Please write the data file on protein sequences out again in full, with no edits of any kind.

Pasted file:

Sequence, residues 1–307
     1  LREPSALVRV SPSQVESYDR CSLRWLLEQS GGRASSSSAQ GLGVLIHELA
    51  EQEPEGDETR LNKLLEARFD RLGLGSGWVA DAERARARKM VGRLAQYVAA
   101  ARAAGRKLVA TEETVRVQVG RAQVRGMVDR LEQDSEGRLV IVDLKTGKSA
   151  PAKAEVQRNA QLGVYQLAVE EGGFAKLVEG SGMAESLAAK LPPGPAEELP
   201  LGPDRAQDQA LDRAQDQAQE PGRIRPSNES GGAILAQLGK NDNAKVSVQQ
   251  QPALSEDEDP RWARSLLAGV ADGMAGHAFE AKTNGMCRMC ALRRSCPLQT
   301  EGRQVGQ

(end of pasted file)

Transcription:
Sequence, residues 1–307
     1  LREPSALVRV SPSQVESYDR CSLRWLLEQS GGRASSSSAQ GLGVLIHELA
    51  EQEPEGDETR LNKLLEARFD RLGLGSGWVA DAERARARKM VGRLAQYVAA
   101  ARAAGRKLVA TEETVRVQVG RAQVRGMVDR LEQDSEGRLV IVDLKTGKSA
   151  PAKAEVQRNA QLGVYQLAVE EGGFAKLVEG SGMAESLAAK LPPGPAEELP
   201  LGPDRAQDQA LDRAQDQAQE PGRIRPSNES GGAILAQLGK NDNAKVSVQQ
   251  QPALSEDEDP RWARSLLAGV ADGMAGHAFE AKTNGMCRMC ALRRSCPLQT
   301  EGRQVGQ